Nine people were killed and 37 injured as at least three terrorists dressed in burkas stormed the hostel of Peshawar's Agricultural Training Institute (ATI) on Friday morning.
The attack was claimed by the Tehreek-i-Taliban Pakistan. Both police and military officials said the attackers had been coordinating with handlers based in Afghanistan.
Security forces hunted down and neutralised the terrorists in an operation launched soon after the attack was reported. They were assisted by military helicopters conducting aerial surveillance of the premises.
After the threat was neutralised, security forces began clearing the institute's premises. Shortly after, journalists were allowed to enter the institute.
Hayatabad Medical Complex Director Shahzad Akbar said six dead and 18 injured had been brought to the hospital. Khyber Teaching Hospital sources said they had received three bodies and 17 wounded.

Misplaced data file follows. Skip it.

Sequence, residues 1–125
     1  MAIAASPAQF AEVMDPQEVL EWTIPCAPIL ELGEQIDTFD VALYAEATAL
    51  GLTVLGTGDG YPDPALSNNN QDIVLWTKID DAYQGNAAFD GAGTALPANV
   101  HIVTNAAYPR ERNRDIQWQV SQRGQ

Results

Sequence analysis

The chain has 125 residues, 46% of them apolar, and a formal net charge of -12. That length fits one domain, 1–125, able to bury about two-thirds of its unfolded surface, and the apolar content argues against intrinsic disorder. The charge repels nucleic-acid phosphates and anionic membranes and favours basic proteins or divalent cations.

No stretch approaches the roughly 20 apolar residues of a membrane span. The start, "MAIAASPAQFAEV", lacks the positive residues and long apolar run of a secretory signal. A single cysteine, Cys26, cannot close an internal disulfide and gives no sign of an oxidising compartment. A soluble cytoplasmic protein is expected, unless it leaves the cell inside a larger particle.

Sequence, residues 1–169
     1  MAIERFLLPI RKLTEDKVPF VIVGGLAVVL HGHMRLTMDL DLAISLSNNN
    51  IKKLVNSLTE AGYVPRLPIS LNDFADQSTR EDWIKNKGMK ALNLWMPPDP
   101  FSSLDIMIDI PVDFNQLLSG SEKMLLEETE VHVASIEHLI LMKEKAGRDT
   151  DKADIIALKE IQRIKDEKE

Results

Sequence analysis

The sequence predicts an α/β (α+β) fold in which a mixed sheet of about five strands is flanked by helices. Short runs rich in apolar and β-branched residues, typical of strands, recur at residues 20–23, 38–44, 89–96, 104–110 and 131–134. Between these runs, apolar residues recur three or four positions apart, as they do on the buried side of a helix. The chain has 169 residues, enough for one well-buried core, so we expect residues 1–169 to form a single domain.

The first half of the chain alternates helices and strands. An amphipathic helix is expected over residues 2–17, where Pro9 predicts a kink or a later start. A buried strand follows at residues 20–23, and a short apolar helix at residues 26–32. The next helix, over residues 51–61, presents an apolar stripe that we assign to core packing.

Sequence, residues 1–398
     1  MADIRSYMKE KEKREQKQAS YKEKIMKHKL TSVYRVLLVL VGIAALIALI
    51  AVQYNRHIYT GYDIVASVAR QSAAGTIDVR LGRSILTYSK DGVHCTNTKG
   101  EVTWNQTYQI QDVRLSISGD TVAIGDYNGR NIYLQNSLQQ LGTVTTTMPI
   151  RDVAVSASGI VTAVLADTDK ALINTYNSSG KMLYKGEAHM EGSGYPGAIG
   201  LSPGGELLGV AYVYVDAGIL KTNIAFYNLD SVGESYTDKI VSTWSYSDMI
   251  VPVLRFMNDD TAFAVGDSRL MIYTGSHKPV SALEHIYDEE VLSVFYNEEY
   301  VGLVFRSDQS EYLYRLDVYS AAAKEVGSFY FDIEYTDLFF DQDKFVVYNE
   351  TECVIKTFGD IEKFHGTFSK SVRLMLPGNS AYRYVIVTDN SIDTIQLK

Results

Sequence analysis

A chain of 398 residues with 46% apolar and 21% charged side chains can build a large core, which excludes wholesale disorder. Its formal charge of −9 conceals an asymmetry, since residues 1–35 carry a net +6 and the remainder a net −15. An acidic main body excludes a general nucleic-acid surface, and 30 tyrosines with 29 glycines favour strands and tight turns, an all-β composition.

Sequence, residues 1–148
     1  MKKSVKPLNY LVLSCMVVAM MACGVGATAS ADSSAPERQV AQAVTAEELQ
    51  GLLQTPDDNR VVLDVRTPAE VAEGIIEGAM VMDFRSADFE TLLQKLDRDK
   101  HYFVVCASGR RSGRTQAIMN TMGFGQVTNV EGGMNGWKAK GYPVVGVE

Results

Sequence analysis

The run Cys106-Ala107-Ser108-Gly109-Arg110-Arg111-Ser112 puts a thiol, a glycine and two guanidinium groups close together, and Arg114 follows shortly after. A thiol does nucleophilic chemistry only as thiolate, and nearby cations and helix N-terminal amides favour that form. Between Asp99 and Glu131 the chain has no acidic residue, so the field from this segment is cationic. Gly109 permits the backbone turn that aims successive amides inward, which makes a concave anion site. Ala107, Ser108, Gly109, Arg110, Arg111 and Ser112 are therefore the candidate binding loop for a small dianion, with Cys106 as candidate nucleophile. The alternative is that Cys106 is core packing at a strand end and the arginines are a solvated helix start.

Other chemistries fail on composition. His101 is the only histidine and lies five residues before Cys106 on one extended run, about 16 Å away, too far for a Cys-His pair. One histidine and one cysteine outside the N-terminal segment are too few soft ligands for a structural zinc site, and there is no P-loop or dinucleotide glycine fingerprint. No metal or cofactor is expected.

Inter-Services Public Relations (ISPR) said two soldiers had been injured in the rescue operation. They had been shifted to the Combined Military Hospital for treatment.
The province's police chief said six students, the institute's gatekeeper, and two civilians are among the dead. One police officer, two soldiers and a journalist are among the injured, he said.
Peshawar's University Road, where the incident took place, is now open for traffic after being closed in the hours following the attack.
The Agricultural Training Institute has been closed for an unspecified period and the hostels have been cleared of students.
- Firing, explosions heard as gunmen storm ATI
- 9 people killed
- 37 people injured
- At least three terrorists killed
- Terrorists contacted handlers in Afghanistan: DG ISPR
- TTP claim responsibility for attack
Major crisis averted